As I’ve stated before, Austin was, mathematically speaking, the best choice. It was preferred by voters over every other candidate when compared directly, and it was closer to the center of population than any other candidate.

But does it really matter? Fort Worth is actually only 7% farther from the average Texan than Austin, and, looking at the map, it’s not obvious that one is significantly better as a capital than the other.

I ran this simulation with all fifty states plus Washington D. C. (that one was pretty unexciting), and Texas was the only one that gave me four different results for seven different electoral systems. Most of them got the same capital no matter what was used.

That’s why, in spite of score voting’s mathematical superiority, I think that approval is the electoral system voting reformists should pursue. It’s a good enough improvement over plurality that can easily be expanded into full score voting later if public opinion favors it. Its similarity to plurality makes it more likely to catch on than instant-runoff or score, and it requires no modification to existing polling procedures beyond the removal of “Vote for only one” from the ballots.

But then again, there’s always [strong Arrow’s theorem](

In any case, happy voting this upcoming cycle, and remember: the other party is not the enemy. The Annunaki are.

Thanks to the Center for International Earth Science Information Network and the International Center of Tropical Agriculture for the population data I used.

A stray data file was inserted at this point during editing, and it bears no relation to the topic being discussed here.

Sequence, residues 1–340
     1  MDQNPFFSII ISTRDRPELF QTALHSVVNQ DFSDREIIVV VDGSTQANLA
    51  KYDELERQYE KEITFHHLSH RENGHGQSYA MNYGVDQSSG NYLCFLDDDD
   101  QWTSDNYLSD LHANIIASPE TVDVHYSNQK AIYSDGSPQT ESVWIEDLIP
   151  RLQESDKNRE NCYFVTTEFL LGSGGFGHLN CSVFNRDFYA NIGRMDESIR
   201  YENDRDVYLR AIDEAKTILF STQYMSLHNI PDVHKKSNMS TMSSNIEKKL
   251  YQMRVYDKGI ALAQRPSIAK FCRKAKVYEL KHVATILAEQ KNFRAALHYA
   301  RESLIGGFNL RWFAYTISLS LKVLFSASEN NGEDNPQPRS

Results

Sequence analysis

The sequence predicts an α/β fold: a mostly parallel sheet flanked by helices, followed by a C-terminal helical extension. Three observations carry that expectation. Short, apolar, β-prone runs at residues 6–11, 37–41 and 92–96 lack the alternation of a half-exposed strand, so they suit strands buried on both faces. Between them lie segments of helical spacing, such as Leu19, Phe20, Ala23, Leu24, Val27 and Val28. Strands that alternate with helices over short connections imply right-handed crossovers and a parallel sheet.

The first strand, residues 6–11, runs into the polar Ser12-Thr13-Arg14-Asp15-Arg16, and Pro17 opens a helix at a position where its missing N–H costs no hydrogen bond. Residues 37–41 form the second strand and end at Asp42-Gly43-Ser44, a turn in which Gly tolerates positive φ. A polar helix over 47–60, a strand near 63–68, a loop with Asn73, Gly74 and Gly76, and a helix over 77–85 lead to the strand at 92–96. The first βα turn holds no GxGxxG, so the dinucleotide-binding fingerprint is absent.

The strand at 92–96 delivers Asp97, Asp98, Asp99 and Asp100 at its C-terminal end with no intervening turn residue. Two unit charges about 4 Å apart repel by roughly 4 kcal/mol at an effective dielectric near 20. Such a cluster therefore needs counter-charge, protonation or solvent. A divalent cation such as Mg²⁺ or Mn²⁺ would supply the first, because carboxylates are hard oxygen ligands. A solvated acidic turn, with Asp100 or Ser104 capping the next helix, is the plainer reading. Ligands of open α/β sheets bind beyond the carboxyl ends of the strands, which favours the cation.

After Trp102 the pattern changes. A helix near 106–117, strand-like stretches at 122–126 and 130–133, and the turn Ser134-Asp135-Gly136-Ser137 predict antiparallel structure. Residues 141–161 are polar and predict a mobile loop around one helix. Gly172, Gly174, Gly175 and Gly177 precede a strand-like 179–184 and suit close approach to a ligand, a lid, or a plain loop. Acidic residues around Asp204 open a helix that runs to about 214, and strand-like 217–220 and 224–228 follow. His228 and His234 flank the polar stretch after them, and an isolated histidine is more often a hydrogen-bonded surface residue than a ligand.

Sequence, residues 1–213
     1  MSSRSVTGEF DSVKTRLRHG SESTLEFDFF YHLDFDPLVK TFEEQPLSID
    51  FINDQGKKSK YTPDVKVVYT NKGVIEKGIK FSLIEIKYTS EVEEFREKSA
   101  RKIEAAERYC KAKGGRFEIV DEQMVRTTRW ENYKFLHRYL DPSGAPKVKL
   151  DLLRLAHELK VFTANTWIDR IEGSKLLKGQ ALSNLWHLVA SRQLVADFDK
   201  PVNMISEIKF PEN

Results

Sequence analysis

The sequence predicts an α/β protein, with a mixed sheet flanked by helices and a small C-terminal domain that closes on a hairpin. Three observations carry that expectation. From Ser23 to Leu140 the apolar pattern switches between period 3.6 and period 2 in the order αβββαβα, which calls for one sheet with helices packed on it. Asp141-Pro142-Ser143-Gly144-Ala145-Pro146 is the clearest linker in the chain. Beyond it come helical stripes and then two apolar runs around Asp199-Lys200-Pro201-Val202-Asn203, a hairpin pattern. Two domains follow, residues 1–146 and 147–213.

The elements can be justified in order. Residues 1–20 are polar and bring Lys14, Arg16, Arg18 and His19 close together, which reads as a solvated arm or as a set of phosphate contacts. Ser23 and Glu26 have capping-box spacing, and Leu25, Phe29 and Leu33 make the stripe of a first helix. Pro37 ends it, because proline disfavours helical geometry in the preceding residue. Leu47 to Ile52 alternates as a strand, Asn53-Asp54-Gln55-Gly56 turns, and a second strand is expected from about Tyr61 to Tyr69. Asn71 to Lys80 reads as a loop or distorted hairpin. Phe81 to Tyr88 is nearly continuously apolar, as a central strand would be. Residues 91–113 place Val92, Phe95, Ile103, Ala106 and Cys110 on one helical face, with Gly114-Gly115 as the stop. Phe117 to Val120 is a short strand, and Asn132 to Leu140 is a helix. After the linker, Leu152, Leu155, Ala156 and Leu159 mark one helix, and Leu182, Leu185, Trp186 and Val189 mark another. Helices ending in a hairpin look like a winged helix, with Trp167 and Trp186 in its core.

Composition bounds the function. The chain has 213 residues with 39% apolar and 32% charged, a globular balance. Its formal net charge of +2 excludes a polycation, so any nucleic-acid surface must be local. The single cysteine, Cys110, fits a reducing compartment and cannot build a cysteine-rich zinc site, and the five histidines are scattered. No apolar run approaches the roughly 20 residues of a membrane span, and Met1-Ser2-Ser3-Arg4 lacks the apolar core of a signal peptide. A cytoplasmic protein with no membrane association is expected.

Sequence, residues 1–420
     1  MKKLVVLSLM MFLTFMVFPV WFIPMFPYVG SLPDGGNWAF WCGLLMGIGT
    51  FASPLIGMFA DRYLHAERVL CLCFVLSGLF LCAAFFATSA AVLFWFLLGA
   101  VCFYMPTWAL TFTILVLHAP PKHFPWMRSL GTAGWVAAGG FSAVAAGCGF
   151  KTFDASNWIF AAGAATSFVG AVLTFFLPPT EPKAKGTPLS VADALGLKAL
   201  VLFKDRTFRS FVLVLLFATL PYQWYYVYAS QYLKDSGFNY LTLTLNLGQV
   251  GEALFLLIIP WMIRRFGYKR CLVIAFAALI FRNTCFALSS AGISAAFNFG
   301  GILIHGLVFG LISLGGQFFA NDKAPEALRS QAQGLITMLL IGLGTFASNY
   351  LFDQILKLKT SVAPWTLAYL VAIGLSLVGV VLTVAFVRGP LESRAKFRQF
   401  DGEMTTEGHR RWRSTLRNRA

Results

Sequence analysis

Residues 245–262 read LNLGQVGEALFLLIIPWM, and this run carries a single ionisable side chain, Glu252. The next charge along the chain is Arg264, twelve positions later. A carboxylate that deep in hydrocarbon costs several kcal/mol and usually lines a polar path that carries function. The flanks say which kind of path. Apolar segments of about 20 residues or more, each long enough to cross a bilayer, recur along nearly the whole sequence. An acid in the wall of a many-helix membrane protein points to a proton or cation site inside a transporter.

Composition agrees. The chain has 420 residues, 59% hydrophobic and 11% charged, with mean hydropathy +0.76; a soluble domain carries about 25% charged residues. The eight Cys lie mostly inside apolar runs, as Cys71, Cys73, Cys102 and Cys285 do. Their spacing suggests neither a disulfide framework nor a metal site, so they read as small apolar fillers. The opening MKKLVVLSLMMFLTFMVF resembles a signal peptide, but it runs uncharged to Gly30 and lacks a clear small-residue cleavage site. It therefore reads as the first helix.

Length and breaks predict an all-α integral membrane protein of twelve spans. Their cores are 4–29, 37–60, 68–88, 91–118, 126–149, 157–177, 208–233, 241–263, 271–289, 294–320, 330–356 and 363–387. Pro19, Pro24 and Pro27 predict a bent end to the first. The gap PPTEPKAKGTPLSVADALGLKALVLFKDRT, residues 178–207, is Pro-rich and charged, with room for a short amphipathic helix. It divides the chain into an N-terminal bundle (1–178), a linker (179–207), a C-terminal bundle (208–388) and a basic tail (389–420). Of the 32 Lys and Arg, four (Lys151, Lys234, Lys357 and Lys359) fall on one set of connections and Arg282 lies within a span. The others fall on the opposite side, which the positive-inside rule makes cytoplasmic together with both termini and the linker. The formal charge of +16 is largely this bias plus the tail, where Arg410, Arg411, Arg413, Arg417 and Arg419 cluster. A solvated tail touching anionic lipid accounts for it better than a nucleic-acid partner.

Welcome back, and to all you fresh faces, welcome to this year’s first issue of Frankly Speaking!

For all you fresh people, Frankly Speaking is Olin’s student unofficial student-run newspaper, which means we publish almost anything and we do it for free.

A big thank you to our returning editor Kai Loewenstein and a big welcome to new editors Erika Serna and Duncan Hall. We’re here to add commas and help your articles be the best they can be.

Finally, let me introduce myself, Editor-in-Chief, Sophia Nielsen. For those of you that don’t know me. I’m a senior and recently-converted MechE. I have a deep love for Gilmore Girls the reality TV show Survivor.

If you would like to join our staff, shoot me an email at

We can always use help editing, posting articles to our website, doing layouts, and distributing, and since this is my last year, I need all the help I get from non-seniors to keep the paper alive.